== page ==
These photos are from my last weekend in the state of Oaxaca, around the end of February. My dear friends took us on a two-night hike in the nearby Sierra Norte range. Accompanied by their fox-like dog Lupe, we walked past massive maguey plants (from which mezcal is made) and high altitude trout farms. We got cozy in a cabin with a fireplace and talked about Norway and laughed until we fell asleep. We had a dip in a very brisk stream, an afternoon inexplicably spent setting up a swing in the yard of a quirky local anthropologist, then drove out of the mountains into a rainbow, magical moment of dusk.
When I got back, I wrote this in a spurt of fresh-air fueled inspiration.
In the mountains, mosquito bitten, stream driven, through a canopy of Spanish moss and over the crumbling pine ridges—find the milkiness in the new moon sky, the tail end of an animal in my headlamp’s bright, the steady strength of legs carrying me.
In the mountains, you find that old friends, true friends, never exhaust the chatterbox, the comfort in leaning shoulder next to shoulder, a subtle pliable line of support against each other, rather than ever really on each other.
In the mountains you find fingers tingling and altitudinous dreams.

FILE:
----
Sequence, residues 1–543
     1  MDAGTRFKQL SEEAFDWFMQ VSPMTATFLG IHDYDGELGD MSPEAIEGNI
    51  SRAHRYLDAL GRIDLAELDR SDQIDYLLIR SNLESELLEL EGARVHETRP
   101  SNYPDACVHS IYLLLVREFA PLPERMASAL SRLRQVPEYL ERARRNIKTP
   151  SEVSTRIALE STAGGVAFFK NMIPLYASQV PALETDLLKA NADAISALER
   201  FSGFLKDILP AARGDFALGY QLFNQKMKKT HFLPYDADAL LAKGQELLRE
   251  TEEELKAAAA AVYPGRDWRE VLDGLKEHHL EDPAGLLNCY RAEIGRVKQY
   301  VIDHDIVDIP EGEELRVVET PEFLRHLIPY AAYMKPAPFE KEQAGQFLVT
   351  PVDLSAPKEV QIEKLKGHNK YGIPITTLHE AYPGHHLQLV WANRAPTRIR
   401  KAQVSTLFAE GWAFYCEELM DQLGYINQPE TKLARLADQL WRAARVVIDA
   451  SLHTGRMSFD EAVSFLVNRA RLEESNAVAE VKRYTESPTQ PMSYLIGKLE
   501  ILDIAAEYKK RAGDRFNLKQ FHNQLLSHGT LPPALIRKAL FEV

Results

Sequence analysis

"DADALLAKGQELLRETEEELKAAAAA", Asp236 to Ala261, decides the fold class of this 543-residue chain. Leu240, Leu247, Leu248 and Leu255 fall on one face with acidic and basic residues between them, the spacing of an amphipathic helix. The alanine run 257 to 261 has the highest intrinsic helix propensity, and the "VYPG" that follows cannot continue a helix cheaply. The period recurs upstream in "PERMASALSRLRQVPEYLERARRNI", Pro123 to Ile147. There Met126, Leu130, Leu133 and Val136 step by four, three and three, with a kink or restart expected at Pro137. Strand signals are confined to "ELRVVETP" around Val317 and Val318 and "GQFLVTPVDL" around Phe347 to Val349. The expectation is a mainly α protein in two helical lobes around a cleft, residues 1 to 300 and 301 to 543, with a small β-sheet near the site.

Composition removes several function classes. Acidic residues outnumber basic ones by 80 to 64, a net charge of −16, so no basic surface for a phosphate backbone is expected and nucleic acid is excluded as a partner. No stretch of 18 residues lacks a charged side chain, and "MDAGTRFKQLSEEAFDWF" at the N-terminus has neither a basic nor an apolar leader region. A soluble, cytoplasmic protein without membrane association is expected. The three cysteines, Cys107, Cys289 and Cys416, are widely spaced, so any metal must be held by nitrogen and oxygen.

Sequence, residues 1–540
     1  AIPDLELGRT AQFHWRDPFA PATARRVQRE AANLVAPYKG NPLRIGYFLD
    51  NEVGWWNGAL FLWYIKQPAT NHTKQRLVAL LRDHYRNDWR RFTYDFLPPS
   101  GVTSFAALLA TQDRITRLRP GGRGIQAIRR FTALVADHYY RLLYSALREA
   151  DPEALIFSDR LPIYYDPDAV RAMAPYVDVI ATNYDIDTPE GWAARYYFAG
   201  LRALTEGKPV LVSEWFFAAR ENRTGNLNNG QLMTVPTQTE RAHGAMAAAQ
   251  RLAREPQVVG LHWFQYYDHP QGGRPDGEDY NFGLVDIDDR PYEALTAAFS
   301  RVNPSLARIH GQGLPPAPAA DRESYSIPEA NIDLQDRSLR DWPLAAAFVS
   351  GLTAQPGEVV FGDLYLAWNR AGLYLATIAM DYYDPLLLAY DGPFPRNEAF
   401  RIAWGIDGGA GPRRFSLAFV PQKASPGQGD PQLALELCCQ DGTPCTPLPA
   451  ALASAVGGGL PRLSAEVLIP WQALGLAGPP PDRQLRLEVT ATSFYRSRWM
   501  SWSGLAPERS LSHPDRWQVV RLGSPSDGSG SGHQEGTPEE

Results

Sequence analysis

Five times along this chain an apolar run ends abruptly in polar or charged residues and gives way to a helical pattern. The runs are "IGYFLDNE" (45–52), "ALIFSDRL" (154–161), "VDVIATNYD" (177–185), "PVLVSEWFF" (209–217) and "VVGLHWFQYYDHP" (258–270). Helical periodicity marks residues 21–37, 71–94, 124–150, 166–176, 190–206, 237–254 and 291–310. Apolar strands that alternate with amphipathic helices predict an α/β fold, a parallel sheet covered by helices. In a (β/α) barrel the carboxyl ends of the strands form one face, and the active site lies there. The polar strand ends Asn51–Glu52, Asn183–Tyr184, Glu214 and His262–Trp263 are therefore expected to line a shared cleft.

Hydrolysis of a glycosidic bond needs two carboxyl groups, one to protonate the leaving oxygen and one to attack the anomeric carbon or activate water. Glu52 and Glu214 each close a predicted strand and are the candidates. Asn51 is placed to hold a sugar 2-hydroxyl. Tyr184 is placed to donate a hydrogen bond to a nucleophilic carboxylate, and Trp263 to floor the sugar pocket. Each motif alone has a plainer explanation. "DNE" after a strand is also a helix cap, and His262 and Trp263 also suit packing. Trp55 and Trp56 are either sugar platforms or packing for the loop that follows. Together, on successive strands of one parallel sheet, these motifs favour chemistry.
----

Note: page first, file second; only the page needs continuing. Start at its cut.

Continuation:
In the mountains you forget your family, your future—
In the mountains you leave your aspirations to waste,
and surrender to the rhythm of streams, and legs, and simple sweet things.
From the mountains, we come back to exhaust pipes and people outside hospitals at night, the blocks of the city and taco spits spinning. The grandparents at my homestay are awake, their faces kind as always. Sadness comes for leaving something that is sweet and ending already, for leaving the colors and gridded streets and plumerias singing.
I am always leaving before my time is exhausted and wonder what would happen if I stayed. I tell myself not to be sad because I am leaving but happy to have found a place that I like in the first place. I tell myself it’s okay. I can come back.
I set my plans in motion and the motion is going to carry me until one day I say—
I must stop,
I am stopping.
And until then I will be swept, and swayed, to the ends of myself, perceiver and creature— never sole witness—only a particle in a pastel buttered sinking sunset, in the green hills descending into golden fields, then to cities, then to people, then to plains.
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